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B is for Blogging

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Edited by Jonathan Vernon, Monday, 12 May 2014, 07:12
  • Blogging

  • Helen Beetham

  • BBC (BBC education, BBC Bitesize, BBC iPlayer)

  • 'Birds of a Feather' (not the TV sitcom, but the research concept of like-minds connected online)

  • Blended Learning

I pick out blogging as the most important 'B' in an A to Z of e-learning as I've come to feel that the act of blogging, as a shared learning journal, meets many learning criteria: constructing meaning and connectedness. You share what you do, even if comments are few. This ties into 'bird of a feather' - the title of a paper that shows how people with common interests or beliefs will associate with each other, share and support. Personally this was particularly apparent in the early days of blogging, say 1999-2003 when the numbers online was manageable and less gamified. It'll take me a while to edit, collate and write on blogging from the 400+ posts I have made on blogging over the last decade. I've made a start.

The BBC is a magnificent resource: inspirational programmes and for schools the magic of bitesize for revision.

While Helen Beetham is an academic and author you ought to be reading often.

B is also for:

  • Back Channels
  • Martin Bean
  • Behaviourism
  • John Seely Brown
  • Doug Belshaw
  • Boud
  • Boyer
  • Bruner
  • Tony Benn
  • Boyer
  • The Brain
  • Books

REFERENCE

Birds of a Feather: How personality influences blog writing and reading. (2010) Jami Li and Mark Chignell. Science Direct. International Journal of Human-Computer Studies 68 (2010) 589-602.

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Design Museum

What happens when connected as 'like-minds' six or seven such individuals 'collaborate' to perform some atrocity?

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Edited by Jonathan Vernon, Friday, 2 May 2014, 14:34

Fig. 1. Dr. No

Society online is a society on speed and at speed - it might reflect society but in the Alice in Wonderland World Wide Web everything is faster, connectable and so warped in a way that transcends human scales of time, distance and decency. One sick, warped, isolated individual seeking out the pollution of the web to feed their fantasy and make it real, like Anders Behring Breivik in Norway in 2011 was, if you profile the population, 1 in 10 million.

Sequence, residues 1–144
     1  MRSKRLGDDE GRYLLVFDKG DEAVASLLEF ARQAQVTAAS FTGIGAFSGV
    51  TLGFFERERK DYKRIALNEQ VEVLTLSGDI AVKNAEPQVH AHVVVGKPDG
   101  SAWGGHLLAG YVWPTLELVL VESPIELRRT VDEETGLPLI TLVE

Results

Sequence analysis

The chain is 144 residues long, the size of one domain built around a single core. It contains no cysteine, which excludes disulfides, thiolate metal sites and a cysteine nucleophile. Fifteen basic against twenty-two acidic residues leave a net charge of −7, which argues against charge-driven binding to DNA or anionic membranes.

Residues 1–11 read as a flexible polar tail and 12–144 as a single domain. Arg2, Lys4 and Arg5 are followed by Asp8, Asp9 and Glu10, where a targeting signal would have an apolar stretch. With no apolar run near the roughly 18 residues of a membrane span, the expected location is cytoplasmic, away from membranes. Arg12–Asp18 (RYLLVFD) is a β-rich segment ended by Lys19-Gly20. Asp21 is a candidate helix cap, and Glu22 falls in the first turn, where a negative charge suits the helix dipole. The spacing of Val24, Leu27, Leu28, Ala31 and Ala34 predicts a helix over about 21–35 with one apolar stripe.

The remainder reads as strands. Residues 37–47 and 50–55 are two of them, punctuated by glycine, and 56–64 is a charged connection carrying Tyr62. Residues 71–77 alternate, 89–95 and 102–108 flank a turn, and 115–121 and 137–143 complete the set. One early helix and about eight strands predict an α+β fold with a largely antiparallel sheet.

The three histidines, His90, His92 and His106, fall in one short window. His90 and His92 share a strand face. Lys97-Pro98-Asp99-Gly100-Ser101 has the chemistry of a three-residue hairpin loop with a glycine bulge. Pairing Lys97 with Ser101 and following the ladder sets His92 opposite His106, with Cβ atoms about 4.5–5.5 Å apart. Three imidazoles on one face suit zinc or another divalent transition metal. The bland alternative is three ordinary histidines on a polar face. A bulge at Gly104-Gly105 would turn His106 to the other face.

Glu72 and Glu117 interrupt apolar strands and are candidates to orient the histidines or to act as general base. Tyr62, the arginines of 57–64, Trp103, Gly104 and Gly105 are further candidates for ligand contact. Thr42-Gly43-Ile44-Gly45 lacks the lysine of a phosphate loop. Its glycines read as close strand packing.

What happens when connected as 'like-minds' six or seven such individuals 'collaborate' to perform some atrocity?

What indeed does the web afford 'networked' terrorist idealists such as AL Qaeda? Attending a seminar on cyber crime at the Oxford Internet Institute last year it was revealing and shocking to learn of the 'game of catch-up' played between the criminals hacking bank accounts and the banks trying to keep them secure. The head of internet security from Barclays paintied a picture that would make the scriptwriters of a James Bond movie go googled-eyed in amazement. Then, far from society creating the Web, the web world infects us 'on the other side' with paranoia and so CHANGES behaviour, gets AHEAD of society. It has happened to me more than once - in the early days of blogging back in 2002 I was 'flamed' visciously (malicious hate in comments and a breach into my blog that had this person editing my content and filling it with bile). I had this stopped and attempts were made to trace the character but for a period I was convinced that any vehicle pulling up along our street outside our house was 'him' ... and then this summer I put webcams around the house when we went away from a few weeks and only after the first week did I relax when I noticed that a brick hadn't come through the window and we hadn't been burgled or the house burned down. 

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